Last year, Jet Blue announced a pilot program with Customs Border Protection (CBP) to use facial recognition scans in place of boarding tickets for certain flights in select airports nationwide. A company called ScoutFoto uses facial recognition to identify runners in images of road races, to sell them photos of their race day runs.
Companies like Facebook, Live Nation, Jet Blue, and ScoutFoto are adopting facial recognition systems in the hopes that consumers will accept or even embrace the surveillance. For a number of reasons, we should not.
Why should consumers reject facial recognition technologies?
First, it normalizes dangerous, almost totally unregulated surveillance. One of the clearest pathways to a society devoid of public anonymity is the widespread normalization of facial recognition in commercial contexts. If you don’t want the cops or ICE scanning your face everywhere you go—and everywhere you have been in the past—think twice about opt-ing in to a facial recognition pilot program run by a company like Jet Blue or Live Nation. If lots of major companies are doing it, and consumers don’t seem to mind, lawmakers and judges may be more likely to agree when law enforcement argues that people don’t have an expectation of privacy in their face in public places.
Normalizing this technology is especially dangerous for people who are likely targets of disproportionate or otherwise inappropriate policing. In that context, the use of facial recognition has potentially dystopian consequences, including not just the eradication of anonymity in public space, but also near-Godlike efficiency for the state’s targeting of people of color, the poor, people with substance use issues, immigrants, Muslims, and dissidents. If you care about the right to anonymously criticize your government, or walk down the street without leaving a police database record of all of your movements, resist the normalization of face recognition systems in the commercial sector.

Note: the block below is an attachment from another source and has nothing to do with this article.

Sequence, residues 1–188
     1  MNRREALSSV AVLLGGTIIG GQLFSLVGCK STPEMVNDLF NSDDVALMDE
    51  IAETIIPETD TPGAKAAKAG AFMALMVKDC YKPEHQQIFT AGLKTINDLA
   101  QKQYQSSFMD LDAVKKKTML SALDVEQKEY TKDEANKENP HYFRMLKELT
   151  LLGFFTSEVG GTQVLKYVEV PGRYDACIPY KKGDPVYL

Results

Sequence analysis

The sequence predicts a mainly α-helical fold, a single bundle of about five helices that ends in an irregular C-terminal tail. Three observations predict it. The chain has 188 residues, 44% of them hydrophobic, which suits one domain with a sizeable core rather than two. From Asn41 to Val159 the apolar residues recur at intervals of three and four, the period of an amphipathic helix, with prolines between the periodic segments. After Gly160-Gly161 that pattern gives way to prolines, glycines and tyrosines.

Second, while they offer companies and governments more power and control, these tools won’t necessarily make systems more convenient for users. Consider the Live Nation case. Say you’ve connected your face to your ticket to attend a concert, but a few hours before the show you realize you can’t go, and decide to give your ticket to a friend. That’s really easy to do when you have a paper ticket or email barcode you can pass on, but not so convenient if your ticket is your face.
Meanwhile, MIT researchers have shown that facial recognition algorithms are very good at recognizing white men, but terrible at recognizing women of color. Just imagine how it would feel to get pulled out of a crowd by security, or worse, because a system identified you wrong.
What if we don’t resist the onslaught of facial recognition tools, in the commercial and government contexts? It’s not so hard to imagine a scenario, only a few years off, in which Ticketmaster allows law enforcement at the local, state, and federal levels access to its systems in real time. Or a scenario in which the company sells your facial recognition data to a data broker, which makes it available to any marketer for a fee. Or one in which everywhere you go, advertisements speak to you directly about your likes and dislikes, your recent activities, or even your mood—while police databases quietly record your every step.
Let’s not do that. If you agree, take action when and where you can, including by declining to participate in corporate face recognition schemes like Ticketmaster’s.